Costa Coffee

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Costa Limited
Subsidiary
IndustryCoffee shop
Founded1971; 48 years ago (1971)
London, England
FounderBruno Costa
Sergio Costa
HeadquartersDunstable, England, UK
Number of locations
Increase 3,882 (2018)
Area served
Worldwide
Key people
Dominic Paul (CEO)
ProductsCoffee, tea, sandwiches, sweet snacks and iced drinks
RevenueIncrease £1.168 billion (2016)[1]
Increase £153 million (2016)[1]
ParentThe Coca-Cola Company
Websitecosta.co.uk

Costa Coffee is a coffeehouse chain which is a subsidiary of American company The Coca-Cola Company. It is headquartered in Dunstable, Bedfordshire.

Costa Coffee was founded in London in 1971 by the Costa family as a wholesale operation supplying roasted coffee to caterers and specialist Italian coffee shops. Acquired by Whitbread in 1995, it was sold in 2019 to The Coca-Cola Company in a deal worth £3.9bn, and has grown to 3,401 stores across 31 countries and 18,412 employees. The business has 2,121 UK restaurants, over 6,000 Costa Express vending facilities and a further 1,280 outlets overseas (460 in China).[1][2]

The Coca-Cola Company announced its intention of acquiring Costa Limited from parent company Whitbread PLC for $5.1 billion. The deal, which closed on 3 January 2019, gives the cola giant a strong coffee platform across parts of Europe, Asia Pacific, the Middle East, and Africa.[3] It is the second largest coffeehouse chain in the world, and the largest in the UK.[4][5]

History[edit]

Brothers Bruno and Sergio Costa founded a coffee roastery in Lambeth, London, in 1971, supplying local caterers. The family had moved to England from Parma, Italy, in the 1960s.[6][7] Costa branched out to selling coffee in 1978, when its first store opened in Vauxhall Bridge Road, London.

In 1985, Sergio bought out Bruno's share of the company. Bruno went on to found a tableware company.[8] By 1995, the chain had 41 stores in UK,[9] and was acquired by Whitbread, the UK's largest hotel and coffee shop operator, becoming a wholly owned subsidiary. In 2009, Costa opened its 1,000th store, in Cardiff. In December 2009, Costa Coffee agreed to acquire Coffeeheaven for £36 million, adding 79 stores in central and eastern Europe.[10]

In 2018, Whitbread faced pressure from two of its largest shareholders, activist group Elliot Advisers and hedge fund Sachem Head to sell or demerge Costa Coffee, the theory being the individual businesses would be worth much more than as one company.[11] On 25 April 2018, Whitbread announced its intention to fully demerge Costa within two years.[12] Subsequently, Coca-Cola announced a deal to acquire the chain.[5] On 3 January 2019, The Coca-Cola Company completed the acquisition of Costa Coffee for $4.9 billion from Whitbread.[13]

Products[edit]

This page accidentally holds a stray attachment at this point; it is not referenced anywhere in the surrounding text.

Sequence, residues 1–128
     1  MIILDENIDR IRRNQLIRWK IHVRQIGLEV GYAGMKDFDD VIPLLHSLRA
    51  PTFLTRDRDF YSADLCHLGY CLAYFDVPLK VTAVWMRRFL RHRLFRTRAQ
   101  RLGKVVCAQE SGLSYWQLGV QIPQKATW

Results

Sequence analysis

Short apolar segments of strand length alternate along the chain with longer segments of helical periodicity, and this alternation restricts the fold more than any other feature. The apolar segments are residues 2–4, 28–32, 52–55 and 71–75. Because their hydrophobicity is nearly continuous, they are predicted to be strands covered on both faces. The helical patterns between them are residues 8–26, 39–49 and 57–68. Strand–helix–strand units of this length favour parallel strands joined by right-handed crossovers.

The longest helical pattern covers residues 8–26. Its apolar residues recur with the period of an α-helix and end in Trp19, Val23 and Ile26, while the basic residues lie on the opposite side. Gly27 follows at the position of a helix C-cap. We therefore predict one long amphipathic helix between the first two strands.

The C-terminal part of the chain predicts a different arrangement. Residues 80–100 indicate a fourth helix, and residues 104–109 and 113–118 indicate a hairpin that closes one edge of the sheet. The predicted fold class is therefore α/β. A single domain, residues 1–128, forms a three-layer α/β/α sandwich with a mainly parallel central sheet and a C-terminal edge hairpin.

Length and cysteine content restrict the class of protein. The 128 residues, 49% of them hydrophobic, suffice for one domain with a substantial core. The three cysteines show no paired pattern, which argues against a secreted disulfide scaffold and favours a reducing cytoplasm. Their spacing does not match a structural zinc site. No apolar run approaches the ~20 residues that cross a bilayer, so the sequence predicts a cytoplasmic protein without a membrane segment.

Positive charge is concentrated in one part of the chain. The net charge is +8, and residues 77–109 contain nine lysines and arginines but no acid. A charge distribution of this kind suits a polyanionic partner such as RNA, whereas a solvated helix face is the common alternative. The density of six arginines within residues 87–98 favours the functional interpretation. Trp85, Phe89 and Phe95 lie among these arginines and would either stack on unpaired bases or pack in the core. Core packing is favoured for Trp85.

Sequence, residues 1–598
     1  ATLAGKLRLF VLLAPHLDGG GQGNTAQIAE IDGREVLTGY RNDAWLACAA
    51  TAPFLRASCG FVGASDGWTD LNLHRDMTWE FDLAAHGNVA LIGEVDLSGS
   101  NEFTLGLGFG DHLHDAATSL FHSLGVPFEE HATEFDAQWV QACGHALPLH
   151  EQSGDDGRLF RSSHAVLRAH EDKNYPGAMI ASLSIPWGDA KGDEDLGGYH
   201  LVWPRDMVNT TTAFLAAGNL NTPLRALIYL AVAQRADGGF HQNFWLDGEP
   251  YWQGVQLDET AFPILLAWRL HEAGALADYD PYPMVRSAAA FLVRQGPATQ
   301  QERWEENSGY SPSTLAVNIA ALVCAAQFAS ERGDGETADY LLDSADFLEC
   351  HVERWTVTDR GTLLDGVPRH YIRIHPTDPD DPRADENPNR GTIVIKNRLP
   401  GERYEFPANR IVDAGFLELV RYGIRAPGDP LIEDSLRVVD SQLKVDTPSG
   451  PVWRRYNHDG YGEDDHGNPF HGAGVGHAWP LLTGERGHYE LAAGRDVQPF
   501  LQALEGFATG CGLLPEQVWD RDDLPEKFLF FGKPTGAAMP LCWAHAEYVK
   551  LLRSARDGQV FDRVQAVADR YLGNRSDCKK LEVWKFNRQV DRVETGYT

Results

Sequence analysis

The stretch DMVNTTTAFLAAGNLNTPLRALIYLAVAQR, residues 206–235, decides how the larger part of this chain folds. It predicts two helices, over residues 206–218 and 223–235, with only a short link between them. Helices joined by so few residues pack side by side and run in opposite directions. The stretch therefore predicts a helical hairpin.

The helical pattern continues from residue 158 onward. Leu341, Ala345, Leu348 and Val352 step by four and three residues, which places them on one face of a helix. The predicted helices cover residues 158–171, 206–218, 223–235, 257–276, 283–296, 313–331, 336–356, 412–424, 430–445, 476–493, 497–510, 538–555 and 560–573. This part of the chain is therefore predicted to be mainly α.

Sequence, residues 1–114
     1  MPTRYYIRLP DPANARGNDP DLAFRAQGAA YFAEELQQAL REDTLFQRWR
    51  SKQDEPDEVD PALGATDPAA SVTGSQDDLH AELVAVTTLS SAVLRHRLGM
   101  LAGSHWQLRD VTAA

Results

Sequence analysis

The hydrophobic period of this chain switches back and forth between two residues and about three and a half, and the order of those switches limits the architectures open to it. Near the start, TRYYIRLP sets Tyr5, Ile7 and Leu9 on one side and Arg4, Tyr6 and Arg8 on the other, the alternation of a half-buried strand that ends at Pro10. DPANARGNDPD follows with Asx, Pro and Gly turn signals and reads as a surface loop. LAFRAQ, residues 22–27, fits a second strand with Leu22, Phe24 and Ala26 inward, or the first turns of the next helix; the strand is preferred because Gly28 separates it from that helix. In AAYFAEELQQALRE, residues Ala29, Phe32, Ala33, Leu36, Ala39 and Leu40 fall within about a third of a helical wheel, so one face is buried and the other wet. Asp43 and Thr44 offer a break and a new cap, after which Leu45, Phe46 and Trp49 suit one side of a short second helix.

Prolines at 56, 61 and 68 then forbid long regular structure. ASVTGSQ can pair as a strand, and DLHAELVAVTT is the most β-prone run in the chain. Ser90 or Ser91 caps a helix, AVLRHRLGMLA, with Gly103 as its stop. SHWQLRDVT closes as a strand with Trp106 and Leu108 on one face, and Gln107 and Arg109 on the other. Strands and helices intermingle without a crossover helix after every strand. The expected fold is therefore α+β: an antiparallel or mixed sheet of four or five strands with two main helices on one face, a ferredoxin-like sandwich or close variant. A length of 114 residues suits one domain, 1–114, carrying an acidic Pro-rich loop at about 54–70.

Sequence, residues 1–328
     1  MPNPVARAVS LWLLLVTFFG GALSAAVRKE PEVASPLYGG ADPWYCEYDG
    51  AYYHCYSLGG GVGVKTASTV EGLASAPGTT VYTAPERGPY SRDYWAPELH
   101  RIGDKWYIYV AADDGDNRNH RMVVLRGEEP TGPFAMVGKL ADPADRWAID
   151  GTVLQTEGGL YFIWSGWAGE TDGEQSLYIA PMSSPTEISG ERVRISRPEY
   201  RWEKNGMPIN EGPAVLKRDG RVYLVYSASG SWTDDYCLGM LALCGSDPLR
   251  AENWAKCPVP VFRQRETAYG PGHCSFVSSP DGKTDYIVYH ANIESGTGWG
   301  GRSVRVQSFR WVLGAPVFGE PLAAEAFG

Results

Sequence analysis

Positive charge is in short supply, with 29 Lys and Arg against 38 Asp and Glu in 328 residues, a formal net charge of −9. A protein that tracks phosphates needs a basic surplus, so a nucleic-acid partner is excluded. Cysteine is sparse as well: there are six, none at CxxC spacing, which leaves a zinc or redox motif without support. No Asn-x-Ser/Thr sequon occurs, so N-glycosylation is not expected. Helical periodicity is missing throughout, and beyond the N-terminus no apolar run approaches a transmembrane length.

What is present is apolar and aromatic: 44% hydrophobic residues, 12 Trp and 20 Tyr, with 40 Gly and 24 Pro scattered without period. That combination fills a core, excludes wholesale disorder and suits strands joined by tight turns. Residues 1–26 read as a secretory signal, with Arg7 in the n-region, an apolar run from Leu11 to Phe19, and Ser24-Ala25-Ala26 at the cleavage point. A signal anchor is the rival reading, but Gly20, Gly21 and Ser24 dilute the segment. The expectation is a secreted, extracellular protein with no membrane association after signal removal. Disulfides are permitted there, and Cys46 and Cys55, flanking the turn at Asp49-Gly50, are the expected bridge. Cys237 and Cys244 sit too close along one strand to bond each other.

Costa sells:

  • Hot drinks – coffees, teas and hot chocolates
  • Cold drinks – including Frostino and fruit coolers
  • Savoury snacks – including sandwiches and breakfast items
  • Cakes and pastries – including cookies, brownies and croissants
  • Reusable cups – including limited edition pride cups[14]

Costa Coffee moved its own roastery from Lambeth to Basildon, Essex, in May 2017 with an investment of £38 million, increasing the roasting capacity from 11,000 to 45,000 tons of coffee beans per year.[15]

Costa Coffee employs Gennaro Pelliccia as a coffee taster, who had his tongue insured for £10m with Lloyd's of London in 2009.[16][17]

Operations[edit]

Locations[edit]

A Costa Coffee branch in Forster Square Retail Park, Bradford

Costa Coffee operates 2,467 outlets in the United Kingdom as of October 2019. Overseas, it operates 1,412 stores in 31 countries.[1] The first Costa store outside the UK opened in the UAE in 1999[18] and, in September 2017, was the first coffee shop worldwide to start delivering coffee via drones to customers sunbathing on Dubai's beaches.[19]

Costa Express[edit]

Following Whitbread's £59.5m acquisition of Coffee Nation, a chain of coffee machines, the machines were re-branded as Costa Express.[20] The company plans to expand to target hospitals, universities and transport interchanges.[21] In Denmark, Costa Express machines are located in Shell stations. Costa Express machines were previously available in Shell locations in Canada, but have since been removed.[22] In the UK, grocery store chain SPAR has become a major operator of petrol station stores, most of which have Costa Express machines installed.[23]

World distribution[edit]

As of September 2018, Costa Coffee was available on 3 continents in 32 countries, with 3,882 total locations.[24]

Country No. of locations
United Kingdom (#1 europe) 2,467
Poland (#2 europe) 147
Ireland (#3 europe) 114
Czech Republic (#4 europe) 45
Russia (#5 europe) 35
Hungary (#6 europe) 28
Spain (#7 europe) 25
Bulgaria (#8 europe) 21
Kazakhstan (#11 asia) 12
Latvia (#9 europe) 11
Malta (#9 europe) 11
France (#11 europe) 8
Portugal (#12 europe) 5
Slovakia (#13 europe) 2
Germany (#14 europe) 1
China (#1 asia) 459
United Arab Emirates (#2 asia) 150
India (#3 asia) 57
Saudi Arabia (#4 asia) 56
Kuwait (#5 asia) 51
Qatar (#6 asia) 30
Cyprus (#7 asia) 24